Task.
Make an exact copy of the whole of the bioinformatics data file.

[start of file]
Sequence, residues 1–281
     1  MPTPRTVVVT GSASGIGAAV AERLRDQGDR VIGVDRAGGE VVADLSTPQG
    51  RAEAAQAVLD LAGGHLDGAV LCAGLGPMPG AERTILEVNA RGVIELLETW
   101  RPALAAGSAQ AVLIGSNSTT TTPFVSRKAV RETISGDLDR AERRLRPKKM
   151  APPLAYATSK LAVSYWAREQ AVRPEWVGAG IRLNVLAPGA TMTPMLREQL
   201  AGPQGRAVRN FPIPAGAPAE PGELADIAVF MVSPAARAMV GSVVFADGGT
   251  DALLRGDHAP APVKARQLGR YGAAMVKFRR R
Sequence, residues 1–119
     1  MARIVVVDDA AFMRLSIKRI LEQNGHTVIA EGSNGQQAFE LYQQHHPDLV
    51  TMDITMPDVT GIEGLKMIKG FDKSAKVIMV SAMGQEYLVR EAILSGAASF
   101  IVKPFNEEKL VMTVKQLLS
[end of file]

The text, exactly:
Sequence, residues 1–281
     1  MPTPRTVVVT GSASGIGAAV AERLRDQGDR VIGVDRAGGE VVADLSTPQG
    51  RAEAAQAVLD LAGGHLDGAV LCAGLGPMPG AERTILEVNA RGVIELLETW
   101  RPALAAGSAQ AVLIGSNSTT TTPFVSRKAV RETISGDLDR AERRLRPKKM
   151  APPLAYATSK LAVSYWAREQ AVRPEWVGAG IRLNVLAPGA TMTPMLREQL
   201  AGPQGRAVRN FPIPAGAPAE PGELADIAVF MVSPAARAMV GSVVFADGGT
   251  DALLRGDHAP APVKARQLGR YGAAMVKFRR R
Sequence, residues 1–119
     1  MARIVVVDDA AFMRLSIKRI LEQNGHTVIA EGSNGQQAFE LYQQHHPDLV
    51  TMDITMPDVT GIEGLKMIKG FDKSAKVIMV SAMGQEYLVR EAILSGAASF
   101  IVKPFNEEKL VMTVKQLLS